Peaceful streams and archeological sites in Tel Dan

Tel Dan nature reserve, in northern Israel, is a natural forest rich with springs that are fed by the melting snows of Mount Hermon. The water from the springs flow their way down to create the Dan Stream, which in turn flows southward and joins the Banias Stream, also fed by spring water from the thawing snows of Mount Hermon. These two streams with water originating in the highest peak of the Holy Land are the major sources of the Jordan River, which flows into the Sea of Galilee.

Tel Dan is a very popular site for visitors and hikers. The leafy shade and the cool, clear water attract tens of thousands of Israelis and tourists from all over the world every year, and especially in the hot days of summer.

Together, the Hermon springs comprise the largest karst spring system in the Middle East, and this is probably what attracted the early Tel Dan residents to the site. In fact, the Book of Judges tells us that the Canaanites who lived there thrived in an isolated garden, a paradise, “at peace and secure”, and “their land lacked nothing” (Judges 18: 1-10). The Canaanite name of the city was Laish (pronounced LA-yish). During the Judges period, before the tribe of Dan settled fully on the land given to it by Moses, the tribe sent spies to survey Laish and then dispatched 600 men to destroy the city. The city was rebuilt and renamed Dan, the northernmost city of the Kingdom of Israel. It remained inhabited by the Israelites until the Assyrian conquest around 722 BCE. There are signs that ritual activity there extended to the Roman period.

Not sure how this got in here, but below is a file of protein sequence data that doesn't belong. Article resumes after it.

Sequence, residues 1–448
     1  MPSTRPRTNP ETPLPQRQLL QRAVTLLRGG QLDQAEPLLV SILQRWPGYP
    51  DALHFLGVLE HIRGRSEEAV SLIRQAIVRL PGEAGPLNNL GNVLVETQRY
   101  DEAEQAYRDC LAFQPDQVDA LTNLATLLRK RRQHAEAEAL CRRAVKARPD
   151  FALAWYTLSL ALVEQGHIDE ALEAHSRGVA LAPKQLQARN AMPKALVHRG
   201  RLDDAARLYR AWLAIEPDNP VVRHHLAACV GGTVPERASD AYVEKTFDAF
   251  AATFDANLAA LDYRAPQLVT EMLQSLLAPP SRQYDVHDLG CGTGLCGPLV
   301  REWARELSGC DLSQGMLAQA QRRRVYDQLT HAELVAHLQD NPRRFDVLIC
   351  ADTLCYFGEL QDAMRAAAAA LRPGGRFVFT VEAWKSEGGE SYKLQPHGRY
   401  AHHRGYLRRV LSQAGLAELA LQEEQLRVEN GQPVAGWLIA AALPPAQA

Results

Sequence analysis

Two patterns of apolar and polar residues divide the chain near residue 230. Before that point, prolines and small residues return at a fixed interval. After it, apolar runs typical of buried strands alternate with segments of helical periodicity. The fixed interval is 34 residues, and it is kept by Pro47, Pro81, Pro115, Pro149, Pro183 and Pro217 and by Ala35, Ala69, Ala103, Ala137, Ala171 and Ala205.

For the past 30 years, archeological excavations have been carried out in Tel Dan, yielding many artifacts. The main finds are a vaulted gate from the Bronze Age, considered the oldest building of its kind in Israel and the oldest of its kind in the world. The place was named “Sha'ar Avraham”, namely “Abraham’s Gate”, as Abraham pursued the four kings of Mesopotamia who took his brother Lot captive, and there he caught up with them.

In addition, an impressive stone structure from the Iron Age was uncovered. It includes a gate, a paved courtyard, rooms, a stone wall and an elevated embankment, probably intended to support the wall's covering. Also exposed was a large building that was used for rituals in the days of King Jeroboam in the Tenth century BCE. King Jeroboam I, who led the northern rebellion against the Kingdom of Judea, erected the building as an alternative site for the Temple. Also uncovered was a monument with a text referring to the House of David. Three fragments of one stone, engraved in Aramaic, are displayed in the Israel Museum in Jerusalem. It appears that they are dated to the second half of the Ninth century BCE, and are considered the oldest reference to the House of David.

Tel Dan is warmly recommended for everyone who wishes to experience the biblical magic of the Holy Land in all its force. We invite you to take a refreshing stroll through the trees of the ancient forest in the Dan Nature Reserve, amidst the sound of flowing streams – one of the most impressive sites in the Holy Land.